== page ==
Abuse of alcohol is a major cause of preventable deaths, and it is estimated
that as many as 1 in 6 adults in the United States may have a problem with
drinking. Excessive alcohol intake strains personal relationships and may
affect one's ability to hold a job. In addition, excessive alcohol intake
may result in serious health problems, including damage to the liver and brain.
The April 6, 2005, issue of JAMA includes a report
of a clinical trial of a medication that may benefit some patients with alcoholism.
Alcohol abuse is a pattern of drinking that
is accompanied by 1 or more of the following problems: (1) failure to fulfill
major work, school, or home responsibilities because of drinking; (2) drinking
in situations that are physically dangerous, such as while driving a car or
operating machinery; (3) recurring alcohol-related legal problems, such as
being arrested for driving under the influence of alcohol or for physically
hurting someone while drunk; and (4) having social or relationship problems
that are caused by or worsened by the effects of alcohol.
Alcoholism (alcohol dependence) is a more severe
pattern of drinking that includes the problems of alcohol abuse and persistent
drinking in spite of obvious physical, mental, and social problems caused
by alcohol. Also typical are (1) loss of control — inability to stop
drinking once begun; (2) withdrawal symptoms (symptoms
associated with stopping drinking such as nausea, sweating, shakiness, and
anxiety); and (3) tolerance (needing increased amounts
of alcohol in order to feel drunk).
There is no cure for alcoholism, but effective treatments are available.
The type of treatment your doctor may recommend depends on the extent of alcohol
use, whether there are associated medical problems, and your personal preferences.
Acute withdrawal and detoxification is used for individuals who use alcohol heavily and is designed to
prevent and treat withdrawal symptoms, which can otherwise be severe and even
life-threatening. This treatment may require a stay in a specialized facility
in addition to close medical supervision.
Medications may be used
to prevent relapse.
Individual or family counseling is also
an important part of treatment. Because alcoholism may coexist with mental
illness, including depression, it is important to undergo full evaluation
for these illnesses. Counseling may also include families and partners who
often need help coping with the stress of living with a family member with
Mutual help groups include
support groups such as Alcoholics Anonymous and Al-Anon. Individuals in these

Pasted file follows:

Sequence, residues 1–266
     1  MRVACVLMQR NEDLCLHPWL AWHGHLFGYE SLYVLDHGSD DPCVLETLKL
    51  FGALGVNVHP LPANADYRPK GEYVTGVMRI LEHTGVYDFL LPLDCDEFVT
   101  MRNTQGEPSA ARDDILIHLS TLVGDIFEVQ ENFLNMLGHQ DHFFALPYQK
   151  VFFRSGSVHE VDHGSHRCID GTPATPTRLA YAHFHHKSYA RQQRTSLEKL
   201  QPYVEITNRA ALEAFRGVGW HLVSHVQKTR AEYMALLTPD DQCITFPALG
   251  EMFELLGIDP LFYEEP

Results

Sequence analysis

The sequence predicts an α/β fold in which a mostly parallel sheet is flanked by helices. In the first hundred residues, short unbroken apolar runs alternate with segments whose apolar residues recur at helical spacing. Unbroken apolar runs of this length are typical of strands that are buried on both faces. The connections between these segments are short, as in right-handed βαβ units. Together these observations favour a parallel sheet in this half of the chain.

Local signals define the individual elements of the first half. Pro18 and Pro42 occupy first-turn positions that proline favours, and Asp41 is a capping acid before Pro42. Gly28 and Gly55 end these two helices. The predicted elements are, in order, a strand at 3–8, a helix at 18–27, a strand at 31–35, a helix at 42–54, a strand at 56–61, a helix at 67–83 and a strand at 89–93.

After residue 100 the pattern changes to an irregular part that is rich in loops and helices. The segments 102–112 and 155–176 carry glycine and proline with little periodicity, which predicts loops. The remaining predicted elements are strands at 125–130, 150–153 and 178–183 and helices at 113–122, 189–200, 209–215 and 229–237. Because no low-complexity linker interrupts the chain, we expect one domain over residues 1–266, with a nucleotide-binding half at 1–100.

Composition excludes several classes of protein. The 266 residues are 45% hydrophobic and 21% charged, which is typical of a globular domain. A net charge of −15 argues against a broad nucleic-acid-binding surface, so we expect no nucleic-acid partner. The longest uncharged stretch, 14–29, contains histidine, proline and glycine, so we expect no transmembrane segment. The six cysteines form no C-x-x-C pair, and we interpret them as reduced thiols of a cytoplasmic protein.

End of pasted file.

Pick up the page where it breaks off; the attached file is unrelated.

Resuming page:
groups support each other by sharing personal experiences and advice.
Substance Abuse and Mental Health Services AdministrationThe
National Clearinghouse for Alcohol and Drug Information 800/729-6686 http://www.health.org and http://www.samhsa.org
National Institute on Alcohol Abuse and Alcoholismhttp://www.niaaa.nih.gov
Alcoholics Anonymous 212/870-3400 http://www.alcoholics-anonymous.org
Al-Anon Family Groups, Inc 888/425-2666 http://www.al-anon.alateen.org
To find this and previous JAMA Patient Pages, go to the Patient Page
link on JAMA's Web site at http://www.jama.com. A JAMA Patient Page on the health benefits and dangers of alcohol
use was published in the January 6, 1999, issue, and one on alcohol abuse
and alcoholism was published in the April 14, 1999, issue. JAMA Patient Pages
on drug abuse (March 8, 2000), cocaine addiction (February 2, 2002), and opioid
abuse (September 15, 2004) are also available.
Source: National Institute on Alcohol Abuse and Alcoholism
The JAMA Patient Page is a public service of JAMA. The information and recommendations appearing on this page are appropriate
in most instances, but they are not a substitute for medical diagnosis. For
specific information concerning your personal medical condition, JAMA suggests that you consult your physician. This page may be photocopied
noncommercially by physicians and other health care professionals to share
with patients. Any other print or online reproduction is subject to AMA approval.
To purchase bulk reprints, call 718/946-7424.
TOPIC: SUBSTANCE ABUSE
Sarah Ringold, Tiffany J. Glass, Richard M. Glass. Alcohol Abuse and Alcoholism. JAMA. 2005;293(13):1694. doi:10.1001/jama.293.13.1694